John Burton Cleland was born in Norwood, South Australia, on 22nd June 1878, the son of medical practitioner William Lennox Cleland and his wife Matilda Lauder (née Burton). He chose medicine for his professional career, specializing in pathology and public health, but also made notable contributions in botany, ornithology, anthropology and wildlife conservation. He published hundreds of scientific articles and, at his death in 1971, was the oldest member of the Royal Society of South Australia, having been a Fellow for over 75 years and Honorary Fellow since 1949.
Cleland attended Prince Alfred College and in 1895 began the study of medicine at the University of Adelaide. He completed his course at the University of Sydney, graduating Bachelor of Medicine (1900) and Doctor of Medicine (1902). In 1903 he undertook further training in the United Kingdom and two years later joined the Public Health Department in Perth, Western Australia. He married Dora Isabel Paton on 25th April 1908 and they were to have five children. In 1909 he joined the Bureau of Microbiology in Sydney, becoming Principal Microbiologist. During the eleven years he spent there he made two major contributions to experimental medicine, establishing that dengue fever is transmitted by mosquitoes and identifying Murray Valley encephalitis. In 1920 he was appointed the first Marks Professor of Pathology at the University of Adelaide, holding this position until he retired in 1948.
Cleland was a collector and floristic surveyor. In his local bushland there were few plants he could not recognize on sight and a ramble with him was always an instructive experience. He presented a collection of almost 30,000 plants, including over 50 new species, to the South Australian Herbarium. The Flora and Fauna Handbooks Committee of South Australia was founded largely at his instigation and he chaired it from 1922 to 1968. His own interest in fungi resulted in two volumes in the series, published in 1934-35.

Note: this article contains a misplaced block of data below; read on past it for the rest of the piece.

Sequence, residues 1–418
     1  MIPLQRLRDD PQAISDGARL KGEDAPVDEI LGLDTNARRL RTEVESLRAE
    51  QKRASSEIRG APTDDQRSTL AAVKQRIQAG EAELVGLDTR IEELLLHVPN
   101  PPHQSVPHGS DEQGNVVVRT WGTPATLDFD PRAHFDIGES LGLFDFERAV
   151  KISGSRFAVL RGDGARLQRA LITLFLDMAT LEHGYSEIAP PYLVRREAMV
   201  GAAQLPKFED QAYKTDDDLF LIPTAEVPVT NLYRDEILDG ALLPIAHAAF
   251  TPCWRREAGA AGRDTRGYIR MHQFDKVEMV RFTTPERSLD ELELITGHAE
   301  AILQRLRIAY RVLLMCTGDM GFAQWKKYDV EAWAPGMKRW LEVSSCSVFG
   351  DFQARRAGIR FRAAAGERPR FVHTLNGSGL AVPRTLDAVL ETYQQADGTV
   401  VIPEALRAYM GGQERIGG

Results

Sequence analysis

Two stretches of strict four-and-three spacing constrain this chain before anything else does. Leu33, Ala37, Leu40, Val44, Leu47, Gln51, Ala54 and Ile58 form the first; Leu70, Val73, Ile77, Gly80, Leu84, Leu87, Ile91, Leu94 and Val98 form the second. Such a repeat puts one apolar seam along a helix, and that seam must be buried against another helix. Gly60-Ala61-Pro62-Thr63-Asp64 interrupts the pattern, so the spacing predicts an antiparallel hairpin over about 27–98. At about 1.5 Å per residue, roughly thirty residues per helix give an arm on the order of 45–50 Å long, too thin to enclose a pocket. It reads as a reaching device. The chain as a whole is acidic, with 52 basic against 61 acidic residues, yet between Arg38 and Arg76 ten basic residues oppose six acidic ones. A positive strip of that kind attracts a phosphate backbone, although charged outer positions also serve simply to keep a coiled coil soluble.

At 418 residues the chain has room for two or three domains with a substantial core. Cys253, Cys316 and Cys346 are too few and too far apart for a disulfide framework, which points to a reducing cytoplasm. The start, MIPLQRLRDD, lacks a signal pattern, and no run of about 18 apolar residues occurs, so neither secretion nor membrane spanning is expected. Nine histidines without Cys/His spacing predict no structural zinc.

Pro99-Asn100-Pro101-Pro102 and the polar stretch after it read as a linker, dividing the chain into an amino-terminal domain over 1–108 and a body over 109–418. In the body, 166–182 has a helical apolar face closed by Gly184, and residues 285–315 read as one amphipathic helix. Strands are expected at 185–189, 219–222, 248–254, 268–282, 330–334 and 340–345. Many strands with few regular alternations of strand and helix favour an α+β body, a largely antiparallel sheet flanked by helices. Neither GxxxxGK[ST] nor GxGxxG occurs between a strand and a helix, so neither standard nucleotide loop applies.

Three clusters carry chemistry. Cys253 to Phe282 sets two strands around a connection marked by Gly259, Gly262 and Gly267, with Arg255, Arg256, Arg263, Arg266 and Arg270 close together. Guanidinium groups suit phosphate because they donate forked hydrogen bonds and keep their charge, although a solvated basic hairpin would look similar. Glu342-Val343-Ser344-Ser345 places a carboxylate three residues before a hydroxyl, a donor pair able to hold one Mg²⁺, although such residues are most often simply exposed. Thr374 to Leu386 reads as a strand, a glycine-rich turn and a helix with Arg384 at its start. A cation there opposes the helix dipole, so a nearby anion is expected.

Cleland expressed his devotion to natural history through his efforts in conservation. In 1927 he became a Commissioner of the Belair National Park and was Chairman of Commissioners from 1936 to 1965. Two major recurring problems faced the commissioners in their attempts to protect the fauna and flora under their care. One was the constant threat of bushfires in the limited area initially placed under their jurisdiction. A wider problem was the diminishing amount of native bushland in the areas surrounding Adelaide. In 1955 the Act that had established the Belair National Park was amended to become the National Park and Wild Life Reserves Act 1891-1955 and the commissioners were given the task of managing all the state’s wildlife reserves. Cleland, as chairman, willingly accepted the heavy responsibility of advising the government and he spared no effort in attempting to preserve tracts of vegetation in their natural state.
The loss of his sight in his late 80s was a considerable hardship but he bore it stoically. He was made C.B.E. in 1949 and knighted in 1964, though, as a modest man, he preferred being called ‘Professor Cleland’ rather than ‘Sir John’. He received a number of awards, including the Sir Joseph Verco Medal from the Royal Society of South Australia in 1933, the Australian Natural History Medallion in 1952 and the John Lewis gold medal of the Royal Geographical Society of Australasia (S.A. Branch) in 1964.
Another well-deserved honour was the naming of the Cleland National Park on the western slopes of Mount Lofty, a lasting memorial to his untiring efforts in the field of conservation. In addition, about 40 species or subspecies of fungi, vascular plants and animals were named after him, as well as a new genus Clelandia in both the plant and animal worlds. A comparatively minor honour that he valued was having a kindergarten in Beaumont named after him.
Sir John Cleland died on 11th August 1971 and was buried at Walkerville Cemetery.